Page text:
The communications firm for the class action settlement referred CBC News to Lennox as a spokesperson.
Lennox said he had clients approved under the settlement who had been supported for less than five years.
He suggested that Paul should speak to his attorney “to review her dismissal notice and understand it and see if there are other avenues for her.”
“We are trying [very much] to encourage claimants to contact one of the law firms and seek assistance, as it is a complicated process,” Lennox said.
Paul said she had to go through the settlement application process without any guidance.
In the settlement agreement, the federal government provided $75 million in legal fees to plaintiffs’ attorneys.
Toronto law firm Koskie Minsky LLP is listed as free legal counsel for candidates in the Atlantic Provinces. But each time Paul tried to reach a lawyer at Koskie Minsky, she said she was either directed to a call center or asked to leave a message. She says she was never called back.
Lennox said he couldn’t comment on another company, but he wants as many contestants as possible to succeed, even if it’s not as part of the Sixties Scoop deal.
“Not all claims are successful, and so is any class action. In some cases, there are plaintiffs [where the] claim does not fit this class action, but it might fit another one,” he said.
“The damage was still done”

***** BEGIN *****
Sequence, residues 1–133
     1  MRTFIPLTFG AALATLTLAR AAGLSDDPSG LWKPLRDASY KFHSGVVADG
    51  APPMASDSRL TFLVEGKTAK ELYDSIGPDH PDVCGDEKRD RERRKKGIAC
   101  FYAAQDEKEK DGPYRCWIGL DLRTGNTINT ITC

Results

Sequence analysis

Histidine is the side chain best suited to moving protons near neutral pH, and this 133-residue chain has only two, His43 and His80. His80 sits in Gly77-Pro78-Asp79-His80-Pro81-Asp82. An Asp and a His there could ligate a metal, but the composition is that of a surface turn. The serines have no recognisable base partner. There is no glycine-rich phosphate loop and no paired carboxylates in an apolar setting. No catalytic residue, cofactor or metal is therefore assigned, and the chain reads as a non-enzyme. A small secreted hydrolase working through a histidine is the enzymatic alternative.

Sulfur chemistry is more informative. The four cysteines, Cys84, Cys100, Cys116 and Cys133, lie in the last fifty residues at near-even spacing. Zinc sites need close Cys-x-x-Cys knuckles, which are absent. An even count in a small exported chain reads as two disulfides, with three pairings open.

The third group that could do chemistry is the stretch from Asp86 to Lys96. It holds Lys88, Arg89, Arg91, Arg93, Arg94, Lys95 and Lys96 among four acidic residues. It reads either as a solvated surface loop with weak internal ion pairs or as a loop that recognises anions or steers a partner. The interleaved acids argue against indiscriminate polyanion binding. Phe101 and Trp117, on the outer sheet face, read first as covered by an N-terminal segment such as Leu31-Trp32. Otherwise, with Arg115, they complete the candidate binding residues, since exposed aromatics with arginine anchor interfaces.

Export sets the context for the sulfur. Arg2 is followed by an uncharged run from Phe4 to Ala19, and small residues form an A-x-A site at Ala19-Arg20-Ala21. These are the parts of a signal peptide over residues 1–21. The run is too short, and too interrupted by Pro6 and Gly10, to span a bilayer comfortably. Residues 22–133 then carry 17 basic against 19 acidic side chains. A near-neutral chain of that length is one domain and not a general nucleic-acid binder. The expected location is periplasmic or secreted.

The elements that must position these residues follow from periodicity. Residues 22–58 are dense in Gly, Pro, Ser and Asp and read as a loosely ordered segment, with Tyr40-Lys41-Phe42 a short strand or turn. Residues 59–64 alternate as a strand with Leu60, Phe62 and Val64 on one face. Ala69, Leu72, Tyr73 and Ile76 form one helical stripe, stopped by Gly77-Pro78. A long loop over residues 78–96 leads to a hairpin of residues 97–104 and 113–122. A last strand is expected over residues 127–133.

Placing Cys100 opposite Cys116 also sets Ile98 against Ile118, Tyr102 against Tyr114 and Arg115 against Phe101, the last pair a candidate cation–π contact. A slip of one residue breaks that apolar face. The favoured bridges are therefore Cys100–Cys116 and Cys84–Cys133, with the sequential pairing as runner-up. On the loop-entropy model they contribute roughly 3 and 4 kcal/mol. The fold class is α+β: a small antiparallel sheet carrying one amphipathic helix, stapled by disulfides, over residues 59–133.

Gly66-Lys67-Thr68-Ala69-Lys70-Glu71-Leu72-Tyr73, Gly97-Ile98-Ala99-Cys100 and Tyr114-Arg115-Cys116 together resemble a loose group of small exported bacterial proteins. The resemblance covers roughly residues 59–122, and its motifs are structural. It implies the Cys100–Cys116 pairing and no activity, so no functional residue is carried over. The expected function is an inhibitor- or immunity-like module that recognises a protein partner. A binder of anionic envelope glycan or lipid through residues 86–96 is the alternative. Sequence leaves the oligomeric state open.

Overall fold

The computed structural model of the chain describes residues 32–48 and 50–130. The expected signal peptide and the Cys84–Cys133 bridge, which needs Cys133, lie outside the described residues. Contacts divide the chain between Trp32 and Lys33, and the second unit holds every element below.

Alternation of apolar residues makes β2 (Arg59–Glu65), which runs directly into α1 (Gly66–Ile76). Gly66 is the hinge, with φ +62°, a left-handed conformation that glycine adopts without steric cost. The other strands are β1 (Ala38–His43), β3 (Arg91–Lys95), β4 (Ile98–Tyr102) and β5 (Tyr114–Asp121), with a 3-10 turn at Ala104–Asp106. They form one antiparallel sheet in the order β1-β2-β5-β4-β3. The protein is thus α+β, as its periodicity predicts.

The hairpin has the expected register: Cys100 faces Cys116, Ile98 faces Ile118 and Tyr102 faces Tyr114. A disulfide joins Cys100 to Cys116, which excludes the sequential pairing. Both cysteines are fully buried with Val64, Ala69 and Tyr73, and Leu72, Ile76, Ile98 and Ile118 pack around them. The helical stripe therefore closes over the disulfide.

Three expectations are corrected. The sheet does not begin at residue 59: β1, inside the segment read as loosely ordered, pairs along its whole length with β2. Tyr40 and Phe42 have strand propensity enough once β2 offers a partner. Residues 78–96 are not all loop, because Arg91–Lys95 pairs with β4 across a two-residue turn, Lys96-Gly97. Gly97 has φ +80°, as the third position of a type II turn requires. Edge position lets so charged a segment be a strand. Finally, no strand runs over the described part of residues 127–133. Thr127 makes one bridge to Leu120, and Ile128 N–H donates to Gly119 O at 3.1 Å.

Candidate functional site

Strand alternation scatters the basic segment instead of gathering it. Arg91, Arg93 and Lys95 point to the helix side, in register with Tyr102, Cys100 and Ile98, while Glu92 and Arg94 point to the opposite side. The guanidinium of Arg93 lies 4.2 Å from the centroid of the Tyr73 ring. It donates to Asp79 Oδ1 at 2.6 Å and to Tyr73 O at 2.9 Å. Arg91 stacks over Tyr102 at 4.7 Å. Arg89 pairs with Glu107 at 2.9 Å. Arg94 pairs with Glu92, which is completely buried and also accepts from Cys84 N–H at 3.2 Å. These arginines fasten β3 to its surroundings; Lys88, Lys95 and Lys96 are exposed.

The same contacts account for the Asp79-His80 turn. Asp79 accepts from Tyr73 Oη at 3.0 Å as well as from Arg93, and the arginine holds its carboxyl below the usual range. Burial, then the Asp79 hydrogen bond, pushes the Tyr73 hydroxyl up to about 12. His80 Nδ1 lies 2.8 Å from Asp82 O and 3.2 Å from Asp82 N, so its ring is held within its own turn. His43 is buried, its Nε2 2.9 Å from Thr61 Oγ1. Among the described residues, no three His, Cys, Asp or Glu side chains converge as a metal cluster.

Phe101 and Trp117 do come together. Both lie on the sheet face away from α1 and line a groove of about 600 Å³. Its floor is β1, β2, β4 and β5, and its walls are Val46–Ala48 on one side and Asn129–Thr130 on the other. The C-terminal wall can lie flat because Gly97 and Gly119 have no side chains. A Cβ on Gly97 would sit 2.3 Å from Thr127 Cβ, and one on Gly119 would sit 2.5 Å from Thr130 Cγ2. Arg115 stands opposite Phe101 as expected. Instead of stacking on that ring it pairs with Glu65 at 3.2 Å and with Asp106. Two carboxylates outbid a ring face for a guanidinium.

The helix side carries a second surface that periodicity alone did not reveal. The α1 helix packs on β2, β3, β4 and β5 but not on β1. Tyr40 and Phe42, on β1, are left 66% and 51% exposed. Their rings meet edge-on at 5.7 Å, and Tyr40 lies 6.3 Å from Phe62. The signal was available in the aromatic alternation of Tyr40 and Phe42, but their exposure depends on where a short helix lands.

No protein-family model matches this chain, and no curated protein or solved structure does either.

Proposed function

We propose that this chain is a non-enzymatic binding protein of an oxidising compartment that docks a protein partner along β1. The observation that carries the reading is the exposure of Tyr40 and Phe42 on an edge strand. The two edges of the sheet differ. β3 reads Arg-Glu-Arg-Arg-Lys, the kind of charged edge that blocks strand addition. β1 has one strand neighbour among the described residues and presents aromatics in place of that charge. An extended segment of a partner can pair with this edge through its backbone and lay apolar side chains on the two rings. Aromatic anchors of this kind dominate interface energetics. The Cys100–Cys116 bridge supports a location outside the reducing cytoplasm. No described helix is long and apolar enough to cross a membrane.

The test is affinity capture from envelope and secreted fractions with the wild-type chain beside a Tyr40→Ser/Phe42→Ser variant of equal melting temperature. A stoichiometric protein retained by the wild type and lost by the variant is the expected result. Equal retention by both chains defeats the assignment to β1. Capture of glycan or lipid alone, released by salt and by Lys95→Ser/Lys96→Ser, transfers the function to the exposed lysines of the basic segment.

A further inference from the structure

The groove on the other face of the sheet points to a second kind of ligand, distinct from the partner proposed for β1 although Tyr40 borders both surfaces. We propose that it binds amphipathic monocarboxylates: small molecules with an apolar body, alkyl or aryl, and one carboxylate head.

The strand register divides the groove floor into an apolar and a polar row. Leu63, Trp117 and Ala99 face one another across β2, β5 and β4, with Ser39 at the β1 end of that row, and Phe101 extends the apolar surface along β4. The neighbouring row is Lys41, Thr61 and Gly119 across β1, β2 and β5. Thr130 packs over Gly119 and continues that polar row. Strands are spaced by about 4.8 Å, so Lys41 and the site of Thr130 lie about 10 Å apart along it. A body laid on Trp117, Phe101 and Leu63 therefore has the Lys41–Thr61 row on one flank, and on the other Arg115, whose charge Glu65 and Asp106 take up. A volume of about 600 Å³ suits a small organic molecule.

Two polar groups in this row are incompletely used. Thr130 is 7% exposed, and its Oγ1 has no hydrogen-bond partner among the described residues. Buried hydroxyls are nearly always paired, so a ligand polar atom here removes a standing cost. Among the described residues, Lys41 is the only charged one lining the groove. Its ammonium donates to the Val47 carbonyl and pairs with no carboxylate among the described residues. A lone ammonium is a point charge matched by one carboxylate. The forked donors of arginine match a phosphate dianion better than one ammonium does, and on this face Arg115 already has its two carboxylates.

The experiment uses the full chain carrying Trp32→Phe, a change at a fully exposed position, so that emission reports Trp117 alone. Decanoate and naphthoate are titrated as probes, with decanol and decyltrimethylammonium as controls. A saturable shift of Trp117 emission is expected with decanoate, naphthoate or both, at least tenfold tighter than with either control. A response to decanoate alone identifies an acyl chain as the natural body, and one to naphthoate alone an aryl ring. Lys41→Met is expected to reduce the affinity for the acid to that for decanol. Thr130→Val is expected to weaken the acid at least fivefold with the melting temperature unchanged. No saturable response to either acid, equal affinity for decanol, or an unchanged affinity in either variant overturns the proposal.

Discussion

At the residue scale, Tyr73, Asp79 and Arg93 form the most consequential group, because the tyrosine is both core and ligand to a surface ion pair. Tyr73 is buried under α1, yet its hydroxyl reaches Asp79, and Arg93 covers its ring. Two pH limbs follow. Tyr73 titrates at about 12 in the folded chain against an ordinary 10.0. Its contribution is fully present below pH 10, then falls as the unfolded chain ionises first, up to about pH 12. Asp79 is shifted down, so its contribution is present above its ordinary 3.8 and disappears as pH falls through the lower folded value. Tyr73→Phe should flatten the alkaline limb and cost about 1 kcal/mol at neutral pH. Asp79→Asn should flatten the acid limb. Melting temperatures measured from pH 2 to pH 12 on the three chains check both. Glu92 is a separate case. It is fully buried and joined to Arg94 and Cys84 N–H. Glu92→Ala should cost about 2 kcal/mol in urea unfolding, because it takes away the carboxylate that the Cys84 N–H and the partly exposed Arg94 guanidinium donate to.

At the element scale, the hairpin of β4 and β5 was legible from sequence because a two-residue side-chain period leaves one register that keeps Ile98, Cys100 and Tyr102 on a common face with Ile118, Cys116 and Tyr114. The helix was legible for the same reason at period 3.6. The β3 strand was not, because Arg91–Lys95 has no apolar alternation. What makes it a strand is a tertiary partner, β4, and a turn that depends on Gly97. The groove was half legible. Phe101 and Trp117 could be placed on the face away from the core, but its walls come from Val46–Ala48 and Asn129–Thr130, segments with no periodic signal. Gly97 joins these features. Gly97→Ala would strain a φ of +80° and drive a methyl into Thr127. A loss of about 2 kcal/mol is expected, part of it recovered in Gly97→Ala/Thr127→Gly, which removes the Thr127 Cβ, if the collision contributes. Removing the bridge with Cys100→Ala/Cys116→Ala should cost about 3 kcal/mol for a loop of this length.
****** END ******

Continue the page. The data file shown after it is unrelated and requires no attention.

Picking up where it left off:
Lennox suggested that Paul send his rejection letter to his company, so she could get a better explanation.
Paul hopes this isn’t the end of his journey. She said she wanted to find new legal counsel who specializes in this subject and review her dismissal notice.
She also wants to contact and work with some of the other 10,251 people across the country whose applications have been denied.
“The [are] people still there in my situation,” she said. ” We belong. We match [somewhere] in the mix. You know, the damage was still done. We live it.”
Support is available for anyone affected by their residential school experience and for those triggered by these reports.
A National Residential School Crisis Line has been established to provide support to residential school survivors and others affected. People can access emotional and crisis referral services by calling the 24-hour national crisis hotline: 1-866-925-4419.